“Moon” – Flicks To Hold You Over

Eric Renderking Fisk - July 2010 Bookmark and Share

MoonIn the motion picture “Moon,” Dean Stockwell stars as “Sam Bell,” the lone worker on an outpost on the other side of the lunar surface. Sam might be going crazy because he is out of contact with the rest world due to a malfunction of the communications satellite, there is has no “real-time” connection with his wife or child who remained on earth. Besides his work the only thing he has to live for is the model of his home town he’s building in the rec-room and counting down the days when his three-year contract is over and he can go home. His sense of reality continues to fall apart after a series of inconstancies, mistakes, accidents and mysterious visions. During his investigations around the moon base and overhearing a live-chat between GERTY (the stations built-in robot voiced by Kevin Spacey) and two executives of the company he’s working for, he finds out that the situation isn’t what he was lead to believe. He’s not even sure of who he is, who are the people he’s working for, or if his memories of where he’s from are real.

During his ordeal, Sam asks some fundamental questions that we’ve all faced. What’s the point of living? What is the actual reward we’re striving for? Why do we love the people in our lives? Are these feelings real, or are they what we’re told or programmed by society and the media what we’re supposed to feel? What’s the point of what we do; besides simply stay alive and perpetuate the species and consume products? How can any one of us be sure we are who we think we are and not some figment of some higher power or Supreme Being's imagination? How can anyone know for sure that “reality” is real?

By the end of “Moon” we know who Sam Bell  really is as we’re left with some lingering questions of what does it mean to be alive and should that definition be changed or altered to suit technology in the future. What are the ethical obligations for bringing new life into “the world” and at what point do people become property? Or at what point does a biological organism that we created or reproduced stop being a “product” and becomes something with human rights? These are heavy questions that might have seemed answered after the Emancipation Act after the end of the Civil War, but with the emergence of new technologies every year I’m not sure that the definition of what it means to be a “person” and not property has been clearly defined.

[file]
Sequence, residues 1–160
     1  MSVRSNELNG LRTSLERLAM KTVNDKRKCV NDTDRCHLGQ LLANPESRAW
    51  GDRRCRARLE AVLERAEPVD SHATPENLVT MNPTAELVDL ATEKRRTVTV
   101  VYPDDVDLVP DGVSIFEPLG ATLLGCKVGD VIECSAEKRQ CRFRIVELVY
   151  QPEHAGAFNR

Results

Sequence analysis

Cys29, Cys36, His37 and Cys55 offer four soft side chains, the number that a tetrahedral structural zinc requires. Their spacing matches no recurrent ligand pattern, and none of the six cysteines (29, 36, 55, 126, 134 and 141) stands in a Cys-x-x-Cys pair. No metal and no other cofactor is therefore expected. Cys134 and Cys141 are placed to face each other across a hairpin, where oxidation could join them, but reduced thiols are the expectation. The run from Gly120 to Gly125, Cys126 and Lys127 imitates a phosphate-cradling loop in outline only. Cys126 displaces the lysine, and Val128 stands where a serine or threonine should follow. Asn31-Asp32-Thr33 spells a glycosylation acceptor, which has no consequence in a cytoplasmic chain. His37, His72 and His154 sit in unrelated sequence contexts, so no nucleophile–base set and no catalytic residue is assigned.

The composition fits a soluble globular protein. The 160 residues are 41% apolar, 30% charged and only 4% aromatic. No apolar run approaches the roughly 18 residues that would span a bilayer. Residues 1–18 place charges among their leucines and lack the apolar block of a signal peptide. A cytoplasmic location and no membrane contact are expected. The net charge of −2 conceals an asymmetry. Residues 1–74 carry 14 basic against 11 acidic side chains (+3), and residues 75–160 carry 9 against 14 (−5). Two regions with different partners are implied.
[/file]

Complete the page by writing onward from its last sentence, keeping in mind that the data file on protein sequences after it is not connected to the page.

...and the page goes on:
Science Fiction is at its best when it takes normal people like you and I and puts them in extraordinary circumstances and teaches something about ourselves. Otherwise, without that aspect SF films are simply adventures that might bring in the huge box-office bang, but aren’t memorable for very long. Combine the “teaching us about ourselves” aspect with a great outer space adventure, you have the makings for a movie empire… but isn’t that another rant?

If “Moon” isn’t a good morality play, it is at the very least a very intriguing mystery; One of which I hope I haven’t spoiled. This flick is exactly the kind of SF that many of us hope to see when we go to the theaters or chose from the ever-growing list that's available for on-line streaming. I encourage everyone to watch it at least once as a sign of support and hope that studios will take notice. To the movie studios I ask - Give us space adventures, but also allow them the opportunity to make us think. Give us more "Moon." Bookmark and Share

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